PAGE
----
Over the past few weeks or so, I’ve noticed on Facebook several posts about how climate change has caused warming in the northern parts of the Earth, especially in northern Canada and Siberia. The posts give information about how carcasses of dead animals (and, possibly, humans) are being exposed for the first time in ten, twenty, thirty, or forty thousand years (or even more) because the permafrost in that area is melting. Potentially, many of those animals or humans died of infectious diseases such as anthrax, plague, or other highly communicable diseases, and the threat to us humans today is that a new outbreak could be started if we exhume the bodies without taking careful precautions to prevent spread. They even give an example of an anthrax outbreak in Russia when an infected animal carcass was exhumed. I fully agree.
I have two real comments to make about these stories. Both points are short and simple, because I don’t have the space here to go into any detail about how to handle the exposed carcasses. I’m not an expert in that, and there’s a lot of boring detail I’d have to list anyway. My first point is that these stories are calling the agents that cause the diseases that could be exposed as being caused by “viruses,” even though the all the ones they list are actually caused by bacteria. Viruses are not “bacteria.” Viruses are submicroscopic organisms that cause disease, while bacteria are larger, and can be seen in a microscope. I hope we will begin to use the two terms properly in order to avoid any confusion in the future.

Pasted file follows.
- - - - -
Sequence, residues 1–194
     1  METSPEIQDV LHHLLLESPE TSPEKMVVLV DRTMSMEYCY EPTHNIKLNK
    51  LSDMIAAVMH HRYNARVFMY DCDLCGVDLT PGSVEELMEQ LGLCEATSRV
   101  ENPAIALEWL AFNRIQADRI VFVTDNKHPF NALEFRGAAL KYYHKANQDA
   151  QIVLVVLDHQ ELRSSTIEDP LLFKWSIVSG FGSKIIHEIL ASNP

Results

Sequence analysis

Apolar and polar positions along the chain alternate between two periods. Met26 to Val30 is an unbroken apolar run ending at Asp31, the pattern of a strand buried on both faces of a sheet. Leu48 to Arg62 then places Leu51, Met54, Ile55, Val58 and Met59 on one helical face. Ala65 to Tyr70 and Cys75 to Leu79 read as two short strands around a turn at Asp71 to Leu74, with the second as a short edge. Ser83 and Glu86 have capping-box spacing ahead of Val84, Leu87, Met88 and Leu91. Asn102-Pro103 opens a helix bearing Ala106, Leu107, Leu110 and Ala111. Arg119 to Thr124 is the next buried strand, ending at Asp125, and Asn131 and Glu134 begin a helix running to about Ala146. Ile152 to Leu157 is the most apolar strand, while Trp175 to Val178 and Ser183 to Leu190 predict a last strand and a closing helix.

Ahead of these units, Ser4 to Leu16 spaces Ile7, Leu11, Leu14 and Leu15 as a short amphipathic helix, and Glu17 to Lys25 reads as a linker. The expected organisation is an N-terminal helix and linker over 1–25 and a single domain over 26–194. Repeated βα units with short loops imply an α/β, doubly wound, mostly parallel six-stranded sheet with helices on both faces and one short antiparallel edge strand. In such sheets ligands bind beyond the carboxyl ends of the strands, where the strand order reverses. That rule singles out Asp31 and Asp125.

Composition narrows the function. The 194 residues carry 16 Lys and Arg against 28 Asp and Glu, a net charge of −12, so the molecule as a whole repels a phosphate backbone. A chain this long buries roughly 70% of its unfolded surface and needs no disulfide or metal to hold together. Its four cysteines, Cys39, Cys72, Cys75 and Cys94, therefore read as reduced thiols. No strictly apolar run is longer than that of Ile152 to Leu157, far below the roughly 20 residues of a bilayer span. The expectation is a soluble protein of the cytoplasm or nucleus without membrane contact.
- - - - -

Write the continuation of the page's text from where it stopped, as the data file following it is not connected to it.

Having said that, there are possible situations where real viruses might be uncovered by permafrost thawing (“permathawing”?) I can conceive that sometime a carcass of a human who died of a virus disease (such as smallpox, influenza, polio, rabies, ebola, etc.) might be uncovered. These are real viruses, not the “viruses” listed by the writers of the articles mentioned above. Some of these might be dangerous. But there’s a caveat, and this leads to the second point I want to make.
Viruses, on the whole, are easier to kill than bacteria. It is true that both viruses and bacteria can be preserved for a long time by freezing. A dead body, whether animal or human, which is frozen soon after death to a temperature well below zero (and it doesn’t matter whether we’re talking Fahrenheit or centigrade here; cold is cold) can preserve any infectious agent reasonably well. But the agent will begin to die off as time goes by. Bacteria will generally be preserved longer. Viruses I suspect would become inactivated more easily. But there are so many variables—how soon after death the body was frozen, how deep in the frost it was, what the temperature was throughout the frozen state, how long ago it died—that I can’t even begin to make generalizations. For some viruses, like influenza, for example, I suspect that if a prehistoric human who died of a strain of flu as potent as the 1918 strain were exhumed, it might not be too infectious, since the flu virus can be destroyed relatively easily. But I can’t be sure. There is one virus I would be very suspicious of, were a human carcass infected with it were to be uncovered, and that is smallpox. In lab studies, smallpox is more difficult to kill than most other viruses, and this could raise some serious issues. The problem is made worse by the fact that we don’t immunize people against smallpox any more, and that means that any researchers under the age of about thirty or forty who might be working with recovered human remains from permathawing could be at risk for the disease. Perhaps this is a good reason to bring back smallpox immunization, at least for people working in this area, if not the population at large.
In summary, let’s start using the terms “bacteria” and “viruses” correctly to avoid confusion in the future, and let’s be careful exhuming any dead carcass, human or animal. Diseases have killed animals probably for as long as animals have existed, and those nasty “viruses,” potentially at least, could come back and do it again. We might even uncover a virus we’ve never seen before.